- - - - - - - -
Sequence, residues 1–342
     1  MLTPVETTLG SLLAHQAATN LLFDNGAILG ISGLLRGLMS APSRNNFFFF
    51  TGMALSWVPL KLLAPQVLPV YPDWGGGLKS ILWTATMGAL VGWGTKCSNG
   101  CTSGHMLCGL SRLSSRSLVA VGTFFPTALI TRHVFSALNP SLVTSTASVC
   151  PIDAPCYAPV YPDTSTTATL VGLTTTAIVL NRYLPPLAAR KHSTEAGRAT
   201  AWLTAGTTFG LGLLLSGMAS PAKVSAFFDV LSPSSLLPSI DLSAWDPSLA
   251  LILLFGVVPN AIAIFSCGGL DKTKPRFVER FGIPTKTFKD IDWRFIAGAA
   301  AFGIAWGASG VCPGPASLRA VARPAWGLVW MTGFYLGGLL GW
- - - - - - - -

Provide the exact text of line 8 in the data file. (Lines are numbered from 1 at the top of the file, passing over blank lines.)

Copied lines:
   301  AFGIAWGASG VCPGPASLRA VARPAWGLVW MTGFYLGGLL GW